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The man accused of attacking Nancy Pelosi’s husband says he wanted to end corruption

David DePape spoke at his federal trial about how his political leanings went from leftist to right-wing after reading a comment on a YouTube video about former President Donald Trump

David DePape
A screenshot from a police body camera video shows David DePape lifting a hammer to strike Paul Pelosi, the husband of then-House Speaker Nancy Pelosi, in the couple’s house on October 28, 2022, in San Francisco, California.SAN FRANCISCO DISTRICT ATTORNEY (via REUTERS)

The man accused of attacking former U.S. House Speaker Nancy Pelosi’s husband with a hammer last year told jurors at his federal trial Tuesday how he went to the Pelosis’ San Francisco home as part of a bigger plan to end corruption in the United States.

David DePape spoke for more than an hour, often getting emotional and crying about how his political leanings went from leftist to right-wing after reading a comment on a YouTube video about former President Donald Trump. He said he went to the Pelosis’ home to talk to Pelosi about Russian involvement in the 2016 election, and that he planned to wear an inflatable unicorn costume and upload his interrogation of her online.

Prosecutors say DePape bludgeoned Paul Pelosi in the early hours of Oct. 28, 2022, just days before the midterm elections, and that he had rope and zip ties with him.

DePape has pleaded not guilty to attempted kidnapping of a federal official and assault on the immediate family member of a federal official with intent to retaliate against the official for performance of their duties. He did not deny attacking Paul Pelosi while testifying Tuesday. His attorneys argue the charges do not fit because they say he was not seeking to go after Nancy Pelosi because of her official duties as a member of Congress.

DePape testified that he felt really bad for Paul Pelosi after hearing testimony from a neurosurgeon who operated on him after the attack. “He was never my target and I’m sorry that he got hurt,” he said. “I reacted because my plan was basically ruined,” he said when asked why he hit Pelosi.

Defense attorney Jodi Linker told jurors last week that DePape believed he was taking action to stop government corruption, the erosion of freedom in the United States, and the abuse of children by politicians and actors.

DePape testified that his plan was to get Nancy Pelosi and other targets to admit to their corruption and eventually get President Joe Biden to pardon them all. “It’s just easier giving them a pardon so we can move forward as a country,” he said crying.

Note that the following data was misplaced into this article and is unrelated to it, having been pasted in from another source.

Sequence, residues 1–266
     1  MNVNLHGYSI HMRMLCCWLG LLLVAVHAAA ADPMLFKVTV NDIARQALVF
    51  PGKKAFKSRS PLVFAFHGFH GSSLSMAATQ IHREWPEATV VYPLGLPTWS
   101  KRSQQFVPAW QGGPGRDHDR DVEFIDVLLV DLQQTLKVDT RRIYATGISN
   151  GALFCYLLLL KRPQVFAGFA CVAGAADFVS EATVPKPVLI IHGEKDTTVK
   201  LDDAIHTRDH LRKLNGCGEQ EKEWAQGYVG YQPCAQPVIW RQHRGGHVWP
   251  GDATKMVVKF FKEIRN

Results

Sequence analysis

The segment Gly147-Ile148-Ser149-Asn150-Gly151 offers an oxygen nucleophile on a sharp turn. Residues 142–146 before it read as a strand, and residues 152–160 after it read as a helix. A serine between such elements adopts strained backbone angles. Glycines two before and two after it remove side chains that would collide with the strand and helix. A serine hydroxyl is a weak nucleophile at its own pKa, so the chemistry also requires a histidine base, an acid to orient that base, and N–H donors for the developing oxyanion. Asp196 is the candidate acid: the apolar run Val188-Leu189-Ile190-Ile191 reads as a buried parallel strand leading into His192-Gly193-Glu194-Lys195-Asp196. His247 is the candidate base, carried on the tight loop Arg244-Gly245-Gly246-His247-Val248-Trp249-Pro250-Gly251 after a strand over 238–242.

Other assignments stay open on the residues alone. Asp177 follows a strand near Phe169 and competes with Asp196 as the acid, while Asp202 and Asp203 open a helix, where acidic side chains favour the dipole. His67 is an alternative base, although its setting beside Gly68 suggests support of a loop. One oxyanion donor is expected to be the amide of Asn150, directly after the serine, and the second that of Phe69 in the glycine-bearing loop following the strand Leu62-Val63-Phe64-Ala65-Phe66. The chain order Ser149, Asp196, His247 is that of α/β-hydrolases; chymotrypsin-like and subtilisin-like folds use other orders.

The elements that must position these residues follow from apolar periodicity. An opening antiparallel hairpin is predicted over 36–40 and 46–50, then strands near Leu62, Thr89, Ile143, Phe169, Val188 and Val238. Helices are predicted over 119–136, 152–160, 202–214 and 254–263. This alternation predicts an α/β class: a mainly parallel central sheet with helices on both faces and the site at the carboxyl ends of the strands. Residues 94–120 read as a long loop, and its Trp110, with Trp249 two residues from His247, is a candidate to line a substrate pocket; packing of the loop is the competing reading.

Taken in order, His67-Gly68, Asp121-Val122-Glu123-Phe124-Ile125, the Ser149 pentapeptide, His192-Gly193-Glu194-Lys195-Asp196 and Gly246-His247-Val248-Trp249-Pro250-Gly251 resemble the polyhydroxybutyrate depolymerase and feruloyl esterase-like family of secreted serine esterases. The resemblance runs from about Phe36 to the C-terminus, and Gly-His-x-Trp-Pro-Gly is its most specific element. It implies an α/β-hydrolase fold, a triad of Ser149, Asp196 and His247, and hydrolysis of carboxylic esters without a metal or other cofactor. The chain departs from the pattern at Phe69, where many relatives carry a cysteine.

Paul Pelosi testified Monday, recounting the attack publicly for the first time. “It was a tremendous sense of shock to recognize that somebody had broken into the house and looking at him and looking at the hammer and the ties, I recognized that I was in serious danger, so I tried to stay as calm as possible,” he told jurors.

Pelosi recalled being awakened by a man bursting into the bedroom door asking, “Where’s Nancy?” He said that when he responded that his wife was in Washington, DePape said he would tie him up while they waited for her.

He testified that he was eventually able to call police from his cellphone and that DePape hit him with a hammer when officers arrived.

Earlier, prosecutors played police body camera footage showing Pelosi facedown on the floor as paramedics help him. One holds a white towel against Pelosi’s head as another puts a neck and head brace on him before several first responders help him onto a stretcher chair. Pelosi’s face and hands are covered in blood. He later underwent surgery to repair a skull fracture and injuries to his right arm and hands.

If convicted, DePape faces life in prison. He has pleaded not guilty to charges in state court of attempted murder, assault with a deadly weapon, elder abuse, residential burglary and other felonies. A state trial has not been scheduled.

After his arrest, DePape, 43, allegedly told a San Francisco detective that he wanted to hold Nancy Pelosi hostage. He said if she told him the truth, he would let her go and if she lied, he was going to “break her kneecaps” to show other members of Congress there were “consequences to actions,” according to prosecutors.

Defense attorneys have listed four other possible witnesses: Daniel Bernal, Nancy Pelosi’s San Francisco chief of staff; extremism and antisemitism researcher Elizabeth Yates; federal public defender Catherine Goulet; and one unidentified witness.

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